Some of these operations allow their customers to smoke marijuana while on the premises. Presumably at least some of them get back into their cars and drive away impaired. There’s a reason for the security guards and fences; where there's marijuana there's money and lots of it. These places are prime targets for robberies and violence...
[Because of limited resources] I have decided to focus initially on stores that sell marijuana and allow people to smoke marijuana very close to schools, parks and other places where children learn and play.Would someone please knock it off with this utterly phony concern for children? There are lots of things wrong in the lives of America’s kids, but being in the proximity of a medical marijuana dispensary doesn’t make the Top 100 list. I presume the California law authorizing medicinal use of marijuana says something about proximity to schools and parks. If it doesn’t (and an article in the not-exactly-leftist Wall Street Journal suggests precisely that), then you, Ms. Haag, are a moron of the first order. Even if it does, I shudder to think about what some over-zealous cop (there’s another kind?) will make of “other places where children learn and play.” This fuzzy-mindedness isn’t merely an example of perverse priorities, it veritably begs to be abused.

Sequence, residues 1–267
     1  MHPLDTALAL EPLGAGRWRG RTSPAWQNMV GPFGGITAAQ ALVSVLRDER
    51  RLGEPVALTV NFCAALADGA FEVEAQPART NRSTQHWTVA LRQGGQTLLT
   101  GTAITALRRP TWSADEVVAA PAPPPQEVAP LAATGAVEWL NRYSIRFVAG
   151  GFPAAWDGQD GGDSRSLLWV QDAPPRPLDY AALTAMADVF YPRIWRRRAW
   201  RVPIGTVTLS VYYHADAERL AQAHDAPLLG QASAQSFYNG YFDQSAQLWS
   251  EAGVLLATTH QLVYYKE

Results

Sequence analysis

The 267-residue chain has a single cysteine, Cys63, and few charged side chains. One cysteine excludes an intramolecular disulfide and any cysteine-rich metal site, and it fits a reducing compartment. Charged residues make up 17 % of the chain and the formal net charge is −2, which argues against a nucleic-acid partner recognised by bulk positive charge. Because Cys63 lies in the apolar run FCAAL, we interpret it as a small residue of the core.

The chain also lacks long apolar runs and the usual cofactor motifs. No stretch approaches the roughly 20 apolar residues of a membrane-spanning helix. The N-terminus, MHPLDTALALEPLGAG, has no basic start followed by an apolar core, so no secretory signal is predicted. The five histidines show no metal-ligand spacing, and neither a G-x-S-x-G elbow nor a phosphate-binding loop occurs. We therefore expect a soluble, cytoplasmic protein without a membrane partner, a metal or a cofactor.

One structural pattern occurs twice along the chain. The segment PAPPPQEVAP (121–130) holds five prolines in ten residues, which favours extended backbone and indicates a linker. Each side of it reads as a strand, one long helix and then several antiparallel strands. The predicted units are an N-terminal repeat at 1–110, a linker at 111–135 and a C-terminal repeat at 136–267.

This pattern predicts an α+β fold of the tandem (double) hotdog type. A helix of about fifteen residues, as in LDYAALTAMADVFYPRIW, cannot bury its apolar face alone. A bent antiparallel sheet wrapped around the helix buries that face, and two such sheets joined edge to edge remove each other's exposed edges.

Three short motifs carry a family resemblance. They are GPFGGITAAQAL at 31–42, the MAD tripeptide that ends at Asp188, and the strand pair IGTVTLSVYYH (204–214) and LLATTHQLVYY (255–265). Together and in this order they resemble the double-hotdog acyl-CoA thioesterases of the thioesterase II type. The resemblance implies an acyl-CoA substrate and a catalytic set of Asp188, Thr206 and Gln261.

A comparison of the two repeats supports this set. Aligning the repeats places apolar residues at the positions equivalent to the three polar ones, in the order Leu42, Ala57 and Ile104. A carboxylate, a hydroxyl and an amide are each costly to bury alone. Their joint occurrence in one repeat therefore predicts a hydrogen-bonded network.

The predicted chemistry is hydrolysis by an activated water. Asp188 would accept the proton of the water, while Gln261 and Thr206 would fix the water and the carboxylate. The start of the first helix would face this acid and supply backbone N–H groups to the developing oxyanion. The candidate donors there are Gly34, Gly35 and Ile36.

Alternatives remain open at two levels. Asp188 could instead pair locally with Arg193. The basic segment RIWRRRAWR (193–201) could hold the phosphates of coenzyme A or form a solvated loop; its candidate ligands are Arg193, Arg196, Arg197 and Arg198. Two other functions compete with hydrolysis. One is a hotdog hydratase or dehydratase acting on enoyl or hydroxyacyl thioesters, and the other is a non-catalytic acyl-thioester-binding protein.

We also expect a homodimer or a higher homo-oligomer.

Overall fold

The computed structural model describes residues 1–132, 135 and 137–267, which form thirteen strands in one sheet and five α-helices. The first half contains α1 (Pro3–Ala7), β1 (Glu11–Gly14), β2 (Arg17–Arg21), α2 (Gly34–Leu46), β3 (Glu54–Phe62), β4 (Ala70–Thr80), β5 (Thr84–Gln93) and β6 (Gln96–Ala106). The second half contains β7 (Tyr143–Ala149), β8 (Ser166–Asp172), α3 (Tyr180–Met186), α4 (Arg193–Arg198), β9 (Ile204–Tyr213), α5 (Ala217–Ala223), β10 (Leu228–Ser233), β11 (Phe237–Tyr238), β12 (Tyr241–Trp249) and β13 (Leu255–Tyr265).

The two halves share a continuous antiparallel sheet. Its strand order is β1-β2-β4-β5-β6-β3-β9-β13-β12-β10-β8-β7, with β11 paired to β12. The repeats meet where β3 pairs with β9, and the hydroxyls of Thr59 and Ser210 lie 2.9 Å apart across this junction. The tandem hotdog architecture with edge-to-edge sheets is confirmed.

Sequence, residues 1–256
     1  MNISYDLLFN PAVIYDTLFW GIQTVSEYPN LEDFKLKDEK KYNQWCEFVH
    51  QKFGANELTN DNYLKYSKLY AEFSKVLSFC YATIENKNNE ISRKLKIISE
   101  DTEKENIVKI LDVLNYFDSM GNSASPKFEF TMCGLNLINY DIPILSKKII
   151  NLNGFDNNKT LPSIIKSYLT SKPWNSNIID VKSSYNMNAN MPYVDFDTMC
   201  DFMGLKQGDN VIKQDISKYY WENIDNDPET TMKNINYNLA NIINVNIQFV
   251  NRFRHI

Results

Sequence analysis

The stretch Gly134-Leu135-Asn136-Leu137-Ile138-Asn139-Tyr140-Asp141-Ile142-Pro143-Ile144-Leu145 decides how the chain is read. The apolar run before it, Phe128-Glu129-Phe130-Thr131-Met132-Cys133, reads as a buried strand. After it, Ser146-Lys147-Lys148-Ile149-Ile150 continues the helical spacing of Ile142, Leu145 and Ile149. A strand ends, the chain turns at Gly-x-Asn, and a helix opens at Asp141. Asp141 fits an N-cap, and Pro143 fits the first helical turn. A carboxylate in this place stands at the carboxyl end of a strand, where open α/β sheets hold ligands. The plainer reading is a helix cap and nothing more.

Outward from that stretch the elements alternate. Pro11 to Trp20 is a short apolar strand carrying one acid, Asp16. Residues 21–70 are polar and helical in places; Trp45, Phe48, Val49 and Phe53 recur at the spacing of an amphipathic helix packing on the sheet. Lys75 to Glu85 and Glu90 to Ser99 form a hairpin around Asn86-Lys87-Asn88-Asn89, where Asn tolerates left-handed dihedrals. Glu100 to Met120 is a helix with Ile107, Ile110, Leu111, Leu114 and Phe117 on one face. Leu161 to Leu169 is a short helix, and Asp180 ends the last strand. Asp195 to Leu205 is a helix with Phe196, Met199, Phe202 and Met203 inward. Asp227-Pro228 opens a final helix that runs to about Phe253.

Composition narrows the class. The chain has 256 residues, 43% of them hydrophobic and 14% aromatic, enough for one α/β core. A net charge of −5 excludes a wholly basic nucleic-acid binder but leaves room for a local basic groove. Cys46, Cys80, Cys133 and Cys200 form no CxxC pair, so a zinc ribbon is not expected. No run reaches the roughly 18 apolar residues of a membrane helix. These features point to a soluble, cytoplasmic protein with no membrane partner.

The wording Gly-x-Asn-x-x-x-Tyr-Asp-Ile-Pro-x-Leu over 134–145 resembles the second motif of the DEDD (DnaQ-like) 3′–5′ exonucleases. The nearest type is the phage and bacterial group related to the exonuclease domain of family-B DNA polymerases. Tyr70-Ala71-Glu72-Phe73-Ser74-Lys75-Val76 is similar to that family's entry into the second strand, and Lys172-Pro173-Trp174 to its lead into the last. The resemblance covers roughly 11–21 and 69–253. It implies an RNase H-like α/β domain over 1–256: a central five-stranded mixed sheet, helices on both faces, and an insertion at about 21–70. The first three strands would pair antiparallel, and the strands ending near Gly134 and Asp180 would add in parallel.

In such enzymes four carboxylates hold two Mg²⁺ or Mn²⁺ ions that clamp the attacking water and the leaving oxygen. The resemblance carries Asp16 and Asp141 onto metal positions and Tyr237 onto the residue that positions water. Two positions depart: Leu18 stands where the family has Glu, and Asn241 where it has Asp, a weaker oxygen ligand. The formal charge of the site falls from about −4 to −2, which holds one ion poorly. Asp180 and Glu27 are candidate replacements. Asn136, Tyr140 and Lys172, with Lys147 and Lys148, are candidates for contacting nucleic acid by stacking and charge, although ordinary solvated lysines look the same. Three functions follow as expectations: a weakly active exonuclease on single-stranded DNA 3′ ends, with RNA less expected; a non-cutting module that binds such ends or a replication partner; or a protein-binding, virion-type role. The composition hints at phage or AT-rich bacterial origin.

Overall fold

Last week we sent letters to the landlords and lien holders of these stores, putting them on notice that marijuana is being sold and used on their property in close proximity to children and that the operations must cease. I understand that there are people in California who believe that marijuana stores should be allowed to exist. But I trust these same people would all agree we don't need marijuana retail outlets across the street from playgrounds and schools and little league fields.Actually, no, I wouldn’t agree, for the reasons just noted. And I sure as hell wouldn’t agree that landlords and lien holders ought to be threatened with prison sentences of up to 40 years. Those are goon tactics, throwing your weight around simply because you can. If someone is doing something really illegal, or really likely to undermine the safety and stability of a community, stop them. But unless your goal is to make the Obama administration look like right-wing caricatures of it, you need to stop with the absurd threats against those who have done nothing wrong. And that would include all the other stupid stuff your colleagues across the country are doing. Quoting the MSNBC article: